Unless you're a pop star, probably with an evanescent fan base, depending upon whether you have a hit, there's this belief that the acts and its fans are in it for the long term and must respect each other. Ergo, fan club ticketing. You want your fans to be taken care of. And if you don't...there is blowback. However no one has been able to quantify that blowback, because certain individuals complain so loudly and others don't at all.

And speaking of the blowback, not only are we not living in the twentieth century, we're not even living in the aughts, and if no one amplifies a story, it doesn't spread and it dies. You may not know what I'm talking about right now. And I won't even bother to include a link, let's see how interested you are in Googling and reading a couple of thousand words... I doubt it, you just don't care enough, you're paying attention to much more important issues, those that interest you and those relating to the nation at large.

Furthermore, understanding the modern paradigm, no one is blowing this story up. Everybody is remaining silent. Live Nation, Metallica, the individuals involved. Unless you pour gasoline on the fire, it dies out. And people move on. The story is lost in the endless river of information that overwhelms everybody on earth.

Meanwhile, the guy who released the taped phone call, Vaughn Millette, broke the code, and only for his own purposes. He will be shunned for it, the same way Kirsten Gillibrand has been for kicking Al Franken out of the Senate. It's a club I tell you, and you don't want to break the norms unless you're willing to be frozen out.

And how do you think Live Nation pays so much money, and beats other promoters for the tour.? This is how that additional money is made! It's a negotiation between the promoter and the act. Someone's got to pay the freight.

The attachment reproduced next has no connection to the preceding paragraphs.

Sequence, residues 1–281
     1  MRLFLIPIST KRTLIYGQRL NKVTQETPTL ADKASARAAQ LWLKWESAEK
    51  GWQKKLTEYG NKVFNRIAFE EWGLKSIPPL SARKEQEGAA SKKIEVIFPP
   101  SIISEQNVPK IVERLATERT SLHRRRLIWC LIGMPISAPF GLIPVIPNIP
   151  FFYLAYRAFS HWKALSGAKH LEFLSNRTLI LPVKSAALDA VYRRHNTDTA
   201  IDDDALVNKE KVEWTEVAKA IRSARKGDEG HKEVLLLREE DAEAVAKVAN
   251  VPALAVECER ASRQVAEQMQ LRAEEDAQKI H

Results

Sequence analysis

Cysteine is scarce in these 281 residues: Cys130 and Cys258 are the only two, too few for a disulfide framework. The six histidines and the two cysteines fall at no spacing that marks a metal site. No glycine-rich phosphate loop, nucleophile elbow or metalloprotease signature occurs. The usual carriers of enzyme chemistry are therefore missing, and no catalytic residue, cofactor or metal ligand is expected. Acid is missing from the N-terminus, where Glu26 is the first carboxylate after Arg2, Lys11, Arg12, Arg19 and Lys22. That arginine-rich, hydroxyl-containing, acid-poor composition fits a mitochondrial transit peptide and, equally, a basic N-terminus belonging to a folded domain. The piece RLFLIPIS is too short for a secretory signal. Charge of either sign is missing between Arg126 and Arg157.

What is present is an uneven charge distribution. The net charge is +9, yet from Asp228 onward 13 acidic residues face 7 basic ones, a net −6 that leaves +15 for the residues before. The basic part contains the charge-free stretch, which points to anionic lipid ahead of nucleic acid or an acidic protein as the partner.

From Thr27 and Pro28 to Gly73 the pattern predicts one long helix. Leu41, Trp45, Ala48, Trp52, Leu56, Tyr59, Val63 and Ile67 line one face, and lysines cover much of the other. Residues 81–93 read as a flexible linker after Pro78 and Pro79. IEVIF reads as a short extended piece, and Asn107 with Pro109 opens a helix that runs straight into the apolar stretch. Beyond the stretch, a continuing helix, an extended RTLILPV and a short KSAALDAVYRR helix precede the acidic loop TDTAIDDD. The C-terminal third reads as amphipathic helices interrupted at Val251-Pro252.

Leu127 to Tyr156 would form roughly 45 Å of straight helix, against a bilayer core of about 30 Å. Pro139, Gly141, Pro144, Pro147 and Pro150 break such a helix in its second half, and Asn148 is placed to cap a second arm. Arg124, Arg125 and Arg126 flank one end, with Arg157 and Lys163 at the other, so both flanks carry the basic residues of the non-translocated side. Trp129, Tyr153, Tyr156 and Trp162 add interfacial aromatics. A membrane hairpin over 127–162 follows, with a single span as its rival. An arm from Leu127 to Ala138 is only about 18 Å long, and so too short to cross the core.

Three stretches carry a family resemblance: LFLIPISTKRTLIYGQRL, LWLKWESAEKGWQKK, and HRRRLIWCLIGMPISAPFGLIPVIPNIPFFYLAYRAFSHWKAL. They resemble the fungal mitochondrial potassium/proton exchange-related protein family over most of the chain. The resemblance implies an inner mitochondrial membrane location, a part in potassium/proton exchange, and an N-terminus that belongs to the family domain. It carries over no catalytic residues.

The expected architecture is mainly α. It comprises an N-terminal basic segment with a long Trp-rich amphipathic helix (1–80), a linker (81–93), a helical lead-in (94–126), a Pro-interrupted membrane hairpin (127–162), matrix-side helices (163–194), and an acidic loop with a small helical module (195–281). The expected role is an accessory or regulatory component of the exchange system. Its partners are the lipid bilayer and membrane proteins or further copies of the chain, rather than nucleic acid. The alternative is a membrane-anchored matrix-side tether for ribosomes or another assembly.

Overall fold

And the act is in control. This is one of the greatest subterfuges of all time. Everybody believes it's Ticketmaster, acting independently, when the truth is Ticketmaster just does what the act wants, Ticketmaster takes the heat for the act. Fans just cannot believe their favorites are about the money when they're about the music. But we're not living in 1969 anymore folks, no one is saying music should be free. As for the Napster era, that was a result of a technological change that caught the purveyors off guard. They kicked and screamed and then changed their business model.

Now if concert tickets weren't moving, this wouldn't be happening. But demand is insane.

And the truth is everybody wants an inside connection, everybody wants to buy tickets on THEIR terms. Who knows what you'll be doing in six months when the date plays? Better to buy from StubHub or a scalper just before the date. And the price can go down, as it did for some seats in this transaction.

You want to take risk off the table, especially with stadium dates. You want guaranteed money in the bank.

And the media has demonized paperless and the fans hate it because they can't scalp the tickets themselves and...oftentimes it turns out there isn't such hot demand anyway, that the on sale, where the bots go crazy, heats up the market beyond reality.

And you like that Amex or Citi gives you advance chance.

And no one is publicizing the number of tickets actually available on the on sale date, often de minimis.

And now we've got platinum if you really want to sit in the front row, or close thereto. Superfans can pay.

I'm not telling you all of the above is good, I'm just telling you it's the way that it now is. And both bands and fans have adjusted to it.

You're always gonna get people complaining. But the truth is if this was really news, it would go viral. But it hasn't, not yet.

As for the agitators... Do you think you're entitled to a BMW at KIA prices?

Furthermore, the people buying from the scalper are willing to pay the freight, they're not complaining. One can even argue they're doing the fans a favor, making the rest of the seats cheaper. And the truth is acts never scalp the very best tickets, because they want their fans up close and personal.

Will there ever be sunshine in the ticketing business?

When acts are not worried about appearing greedy and every show is a guaranteed sell-out with no transferability and no uplift.

And if you think that's gonna happen...

You're dreaming.

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Gotta say, I disagree with his opinion here, yeah it gets done all the time and by more artists then we probably care to know. Like I said in the OP, Metallica certainly aren't the first or only artists to do it (hence why I didn't post the article title). Although defending it, and/or accepting it as business as usual just doesn't sit right with me. No doubt that attitude about it is likely one reason more and more bands are doing it. Not complaining though, I don't go to any big name acts or venues anymore (my last Dylan show was almost 10yrs maybe?), in part because of the whole ticketmaster/secondary market b.s back in the 2000s.

Edited by Esau.
cow tools